/watch?v=xh3-9R7Q0OE His 1862/63 Emancipation Proclamation (right in the middle of the Civil War) was an executive order that officially granted freedom to slaves. Equally famous, his 10-sentence long Gettysburg Address after the Battle of Gettysburg is viewed as one of the most famous speeches in history. 11 Black Codes (1865) In the days of slavery, slave codes were created to bring order. They provided rules and punishments to protect slave-owners against runaways or uprisings. After the Civil War, the 13th, 14th, & 15th amendments outlawed slavery and gave former slaves citizenship and voting rights, slave codes no longer applied. Many Southern whites wanted to maintain the social status quo. Several states created new laws called black codes, which sought to limit civil rights and freedoms of blacks.

Find this picture Black codes continued legal discrimination against blacks 11 Black Codes (1865) Specifically, black codes were local and state laws that aimed to control where blacks could work, travel or be at any moment. In Texas for example, white Texans feared that freed slaves would refuse to work, so black codes coerced blacks to work. Many Southern states considered anyone with at least oneeighth black ancestry to be legally black. The Black codes were short-lived since they were eliminated by the Freedom Amendments. Find this picture Black codes continued legal discrimination against blacks 11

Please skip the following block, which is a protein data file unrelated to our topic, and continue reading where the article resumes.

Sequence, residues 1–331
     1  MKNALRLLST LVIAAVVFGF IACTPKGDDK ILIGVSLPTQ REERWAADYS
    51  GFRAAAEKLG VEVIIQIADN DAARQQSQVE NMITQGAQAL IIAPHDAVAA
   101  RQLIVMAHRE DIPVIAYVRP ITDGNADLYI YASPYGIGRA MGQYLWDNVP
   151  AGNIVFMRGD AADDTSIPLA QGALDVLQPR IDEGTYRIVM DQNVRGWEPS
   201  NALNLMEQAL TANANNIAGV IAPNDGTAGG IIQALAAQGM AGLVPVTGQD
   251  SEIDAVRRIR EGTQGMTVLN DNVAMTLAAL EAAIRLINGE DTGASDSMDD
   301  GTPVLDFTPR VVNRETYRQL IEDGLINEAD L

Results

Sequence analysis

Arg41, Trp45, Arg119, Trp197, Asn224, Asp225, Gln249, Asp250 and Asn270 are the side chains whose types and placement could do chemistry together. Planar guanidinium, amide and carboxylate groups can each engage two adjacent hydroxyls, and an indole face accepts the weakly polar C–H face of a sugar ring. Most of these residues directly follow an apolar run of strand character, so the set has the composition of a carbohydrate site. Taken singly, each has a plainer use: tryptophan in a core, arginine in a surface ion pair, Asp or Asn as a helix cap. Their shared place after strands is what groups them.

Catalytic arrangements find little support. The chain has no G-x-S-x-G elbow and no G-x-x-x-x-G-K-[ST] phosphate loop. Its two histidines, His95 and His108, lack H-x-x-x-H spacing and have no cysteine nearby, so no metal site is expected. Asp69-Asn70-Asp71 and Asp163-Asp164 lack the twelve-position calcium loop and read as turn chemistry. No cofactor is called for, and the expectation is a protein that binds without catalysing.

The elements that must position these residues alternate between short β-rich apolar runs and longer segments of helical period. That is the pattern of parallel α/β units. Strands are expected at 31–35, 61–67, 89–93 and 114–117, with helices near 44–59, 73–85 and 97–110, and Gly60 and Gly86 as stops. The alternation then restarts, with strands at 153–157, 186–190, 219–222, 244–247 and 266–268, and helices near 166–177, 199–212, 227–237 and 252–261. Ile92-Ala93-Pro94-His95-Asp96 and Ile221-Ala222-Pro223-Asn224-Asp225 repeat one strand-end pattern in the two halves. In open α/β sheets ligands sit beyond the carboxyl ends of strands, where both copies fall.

Black Codes (1865) Examples of 1865 Black Codes in Louisiana Sec. 5 No public meetings or congregations of negroes shall be allowed after sunset; but such public meetings and congregations may be held between the hours of sunrise and sunset, by the special permission in writing of the captain of patrol, within whose beat such meetings shall take place. uct/Civil-War-Primary-Source-Document-B LACK-CODES-Louisiana-1865-1134271 12 Ku Klux Klan Founded (1865) Ku Klux Klan 1860s Although a wave activity emerged in the 1920s, and again in the 1960s to oppose the Civil Rights Movement,